Allies care about your well-being and your career. You’re going through life with them. They are involved in all aspects of your life, both personal and professional. You have known them for a long time and have a high degree of confidentiality with them. They will go to extraordinary lengths to help you succeed. You’re not going to have very many of these people in your life, because it takes a lot of time and attention to develop that kind of trust.
At each stage, there are good next steps you can take to develop the relationship.
At the Associate Stage, listen generously. Listen with an ear for “How can I help this person? Who do I know that he or she might like to be introduced to? What information or resource do I know of that might be useful to this person?” When you give to someone, you automatically, gracefully, professionally move to the next stage of relationship building – the Active Stage.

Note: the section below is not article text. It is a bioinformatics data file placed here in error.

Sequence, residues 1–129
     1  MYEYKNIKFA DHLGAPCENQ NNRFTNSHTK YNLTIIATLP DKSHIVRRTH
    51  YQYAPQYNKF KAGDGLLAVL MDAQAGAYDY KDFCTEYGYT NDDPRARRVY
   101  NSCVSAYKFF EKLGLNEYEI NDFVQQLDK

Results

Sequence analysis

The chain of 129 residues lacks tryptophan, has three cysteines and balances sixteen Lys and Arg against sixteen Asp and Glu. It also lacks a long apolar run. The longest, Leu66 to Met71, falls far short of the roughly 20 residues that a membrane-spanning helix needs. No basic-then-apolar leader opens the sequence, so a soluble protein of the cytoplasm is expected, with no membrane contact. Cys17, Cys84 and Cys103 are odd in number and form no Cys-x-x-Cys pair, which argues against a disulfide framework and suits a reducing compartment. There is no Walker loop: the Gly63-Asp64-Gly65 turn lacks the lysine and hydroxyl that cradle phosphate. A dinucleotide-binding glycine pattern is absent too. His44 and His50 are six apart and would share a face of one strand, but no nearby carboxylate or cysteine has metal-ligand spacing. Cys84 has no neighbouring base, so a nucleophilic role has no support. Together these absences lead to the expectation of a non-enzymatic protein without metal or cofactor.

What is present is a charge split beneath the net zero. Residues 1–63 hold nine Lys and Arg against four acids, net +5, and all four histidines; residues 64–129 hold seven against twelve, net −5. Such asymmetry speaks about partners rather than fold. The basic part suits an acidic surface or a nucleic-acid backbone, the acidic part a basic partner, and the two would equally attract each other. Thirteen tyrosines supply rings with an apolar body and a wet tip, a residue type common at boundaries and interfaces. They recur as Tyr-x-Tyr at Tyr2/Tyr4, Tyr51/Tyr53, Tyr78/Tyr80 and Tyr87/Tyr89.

At the Active Stage, show your character and competence in all you do and say. Invite the person to do something with you. Create opportunities for people to experience your character and competence.
There’s something we call The All or Nothing Rule that kicks in here: “If you do one thing well, people will assume you do everything well. If you do one thing poorly, people will assume you do everything poorly.” So, when you join a committee that your key contact serves on, for example, be careful to do an expert job. You’re teaching about your character when you arrive on time and are well prepared for a meeting. You’re teaching about your competence when you distribute a well-written, comprehensive report or come up with a checklist that makes sure your programs go smoothly without a hitch.